I.C. MURRELL — Wall Street does not control our personal security
Published 12:08 am Friday, April 3, 2020
Some people are suffering from a case of cabin fever, a symptom no thermometer can measure.
Some people are discouraged from just going to another friend’s house, even if the congregation there will be far fewer than 10 people. Some people are fighting hard to regain their health amid the deadliest health crisis in American history.
There’s another crisis unfolding — financial insecurity.
Even when a pandemic is not unfolding, this is a common issue for some who can never quite seem to get ahead but put in all sorts of effort in their jobs and careers. Trust, I can easily relate. My first job out of college was $8.25 an hour, and I had to borrow $1,000 from my bank just to move into my new pad almost 3 hours away — that was only available to low-income citizens. (But you couldn’t tell otherwise.)
Since my college graduation 17 years ago, I’ve seen many close to my age return to school to finish or just add a certification that would give them skills to better their lives. The good news is some institutions like Lamar State College Port Arthur don’t charge an overwhelming amount each semester or require a loan note that would destroy your savings.
When some get their hands on a few riches, they try to keep up with the Joneses, never knowing when a crisis will leave them on the hook for their livelihoods. This is one of those times I’m glad monthly payments don’t work against me.
No matter our wealth or employment status, we are all put in a position where we have to save every dollar possible. Winning this battle can do wonders for one’s sanity, and again, I know this from experience.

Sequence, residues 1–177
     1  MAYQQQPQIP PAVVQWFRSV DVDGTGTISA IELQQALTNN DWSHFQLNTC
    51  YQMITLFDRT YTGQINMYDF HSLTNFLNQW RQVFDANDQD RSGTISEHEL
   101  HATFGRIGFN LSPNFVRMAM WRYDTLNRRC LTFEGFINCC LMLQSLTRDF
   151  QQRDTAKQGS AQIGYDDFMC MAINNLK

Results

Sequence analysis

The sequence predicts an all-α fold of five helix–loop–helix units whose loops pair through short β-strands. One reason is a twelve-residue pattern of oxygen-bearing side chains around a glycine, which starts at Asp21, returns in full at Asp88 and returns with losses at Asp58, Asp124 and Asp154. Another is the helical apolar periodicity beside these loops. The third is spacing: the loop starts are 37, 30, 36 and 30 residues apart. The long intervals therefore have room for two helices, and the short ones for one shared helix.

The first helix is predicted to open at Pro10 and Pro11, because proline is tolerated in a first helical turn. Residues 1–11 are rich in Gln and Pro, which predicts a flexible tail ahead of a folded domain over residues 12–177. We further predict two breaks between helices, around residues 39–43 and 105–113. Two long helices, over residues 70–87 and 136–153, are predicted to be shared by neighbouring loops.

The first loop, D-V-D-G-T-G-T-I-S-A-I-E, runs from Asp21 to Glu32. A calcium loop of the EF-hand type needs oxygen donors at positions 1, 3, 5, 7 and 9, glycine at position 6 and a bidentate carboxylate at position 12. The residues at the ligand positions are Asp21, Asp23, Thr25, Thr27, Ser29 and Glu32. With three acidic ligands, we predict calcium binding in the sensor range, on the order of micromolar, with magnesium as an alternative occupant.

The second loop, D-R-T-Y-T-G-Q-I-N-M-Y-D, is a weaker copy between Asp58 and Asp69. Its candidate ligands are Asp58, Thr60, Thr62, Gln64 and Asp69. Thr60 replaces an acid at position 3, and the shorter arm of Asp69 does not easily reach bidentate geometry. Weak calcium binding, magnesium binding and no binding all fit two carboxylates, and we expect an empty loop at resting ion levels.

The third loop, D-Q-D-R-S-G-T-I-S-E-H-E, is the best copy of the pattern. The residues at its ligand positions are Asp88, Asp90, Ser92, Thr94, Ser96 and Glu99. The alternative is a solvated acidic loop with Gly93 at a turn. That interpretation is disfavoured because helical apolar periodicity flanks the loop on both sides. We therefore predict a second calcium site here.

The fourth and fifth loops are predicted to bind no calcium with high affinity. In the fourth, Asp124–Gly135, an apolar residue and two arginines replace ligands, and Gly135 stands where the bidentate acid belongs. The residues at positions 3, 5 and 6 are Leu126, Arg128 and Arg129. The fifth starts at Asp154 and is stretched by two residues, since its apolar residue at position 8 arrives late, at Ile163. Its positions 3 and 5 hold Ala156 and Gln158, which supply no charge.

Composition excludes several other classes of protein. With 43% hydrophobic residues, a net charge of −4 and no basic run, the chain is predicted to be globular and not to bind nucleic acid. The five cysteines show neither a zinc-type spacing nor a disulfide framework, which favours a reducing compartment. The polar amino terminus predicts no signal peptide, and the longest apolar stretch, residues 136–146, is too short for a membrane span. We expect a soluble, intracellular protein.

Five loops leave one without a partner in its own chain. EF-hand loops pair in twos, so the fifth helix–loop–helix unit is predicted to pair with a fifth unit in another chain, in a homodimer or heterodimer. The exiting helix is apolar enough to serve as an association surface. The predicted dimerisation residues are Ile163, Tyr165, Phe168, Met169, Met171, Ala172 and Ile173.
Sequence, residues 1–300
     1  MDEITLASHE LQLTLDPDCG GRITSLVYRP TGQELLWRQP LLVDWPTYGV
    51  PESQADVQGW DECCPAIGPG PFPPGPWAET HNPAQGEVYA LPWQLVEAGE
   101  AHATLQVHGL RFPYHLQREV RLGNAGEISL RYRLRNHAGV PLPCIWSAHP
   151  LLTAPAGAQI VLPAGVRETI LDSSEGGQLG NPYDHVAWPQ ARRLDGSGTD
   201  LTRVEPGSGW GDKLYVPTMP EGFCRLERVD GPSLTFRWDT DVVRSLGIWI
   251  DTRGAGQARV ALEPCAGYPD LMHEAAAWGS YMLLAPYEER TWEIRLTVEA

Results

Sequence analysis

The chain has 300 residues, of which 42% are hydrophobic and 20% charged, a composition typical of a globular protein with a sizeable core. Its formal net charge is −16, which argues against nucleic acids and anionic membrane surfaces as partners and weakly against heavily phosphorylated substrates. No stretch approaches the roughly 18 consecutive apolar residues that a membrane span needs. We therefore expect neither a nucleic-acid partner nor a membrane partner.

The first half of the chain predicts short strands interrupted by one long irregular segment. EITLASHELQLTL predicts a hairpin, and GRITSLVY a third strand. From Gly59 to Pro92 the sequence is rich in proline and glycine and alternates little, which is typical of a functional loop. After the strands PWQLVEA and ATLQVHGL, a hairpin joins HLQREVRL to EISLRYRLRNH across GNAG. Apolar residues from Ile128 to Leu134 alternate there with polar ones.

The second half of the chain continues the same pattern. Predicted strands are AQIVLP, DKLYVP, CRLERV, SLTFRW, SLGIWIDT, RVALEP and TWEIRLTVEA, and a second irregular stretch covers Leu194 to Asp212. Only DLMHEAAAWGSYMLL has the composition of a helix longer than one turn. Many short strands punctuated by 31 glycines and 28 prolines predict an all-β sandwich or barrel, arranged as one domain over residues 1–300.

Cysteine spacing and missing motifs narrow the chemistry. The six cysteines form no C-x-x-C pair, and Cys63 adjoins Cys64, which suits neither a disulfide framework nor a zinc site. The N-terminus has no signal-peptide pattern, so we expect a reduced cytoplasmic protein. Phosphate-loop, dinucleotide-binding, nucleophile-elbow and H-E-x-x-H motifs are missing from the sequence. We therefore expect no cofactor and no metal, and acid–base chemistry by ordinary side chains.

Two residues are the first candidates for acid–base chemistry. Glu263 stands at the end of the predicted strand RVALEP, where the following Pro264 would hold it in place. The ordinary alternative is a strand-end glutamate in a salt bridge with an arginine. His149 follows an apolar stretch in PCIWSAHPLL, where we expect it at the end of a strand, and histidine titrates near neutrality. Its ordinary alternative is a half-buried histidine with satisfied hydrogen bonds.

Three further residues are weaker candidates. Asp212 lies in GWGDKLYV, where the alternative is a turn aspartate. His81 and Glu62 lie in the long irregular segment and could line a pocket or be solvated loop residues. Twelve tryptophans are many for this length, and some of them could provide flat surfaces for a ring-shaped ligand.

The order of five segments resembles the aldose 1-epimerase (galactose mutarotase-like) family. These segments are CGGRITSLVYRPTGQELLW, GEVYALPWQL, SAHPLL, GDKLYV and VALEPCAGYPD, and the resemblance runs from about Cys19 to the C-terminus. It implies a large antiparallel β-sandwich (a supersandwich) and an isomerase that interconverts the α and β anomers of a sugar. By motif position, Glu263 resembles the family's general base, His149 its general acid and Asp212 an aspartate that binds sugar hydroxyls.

Do you need to eat healthier and cut out the take-out diet? Good idea. Granted, grocery bills aren’t getting lower, but you can create so many dishes with the ingredients you have or desire. (Search #ICEats on Facebook, and you’ll see I’ve whipped up a few ideas to contribute to the local flavor.)
If you can only save a dollar a day, save a dollar a day. Those $365 at the end of the year (or $366 this year since Feb. 29 occurred) will give you some type of cushion. It could be anything from extra trips to the grocery story to a (portion of a) car payment made.
Too easy? Try $5 per day. That’s $35 per week and $1,830 per year (or $1,825 on a non-leap year).
Are you really feeling it? Give $100 per week a shot. That’ll come out to a cool $5,200.
On top of that, you could even try investing with an app like Acorns. You have to remember, though, just like your retirement plan — please tell me you have one — you’re investing for the long haul, not the short term, so don’t let the Dow Jones index plunges scare you. If you retire after 65, you could have three sources of income coming your way.
And, what if Wall Street crashes … and then rises and crashes again? Business and investors have always responded to crises. That’s the nature of the beast.
Having learned the hard way, monthly expenses weren’t designed for us to push the back or pull resources from, no matter what grace period creditors give us. Even for those who lack jobs, the true stability of people doesn’t rest in what Wall Street does.
It rests in our own ability to put back and stay secure.
The economy will do whatever. Our security is much more important.
I.C. Murrell is the editor of The Port Arthur News. He can be reached at 409-721-2435 or at firstname.lastname@example.org.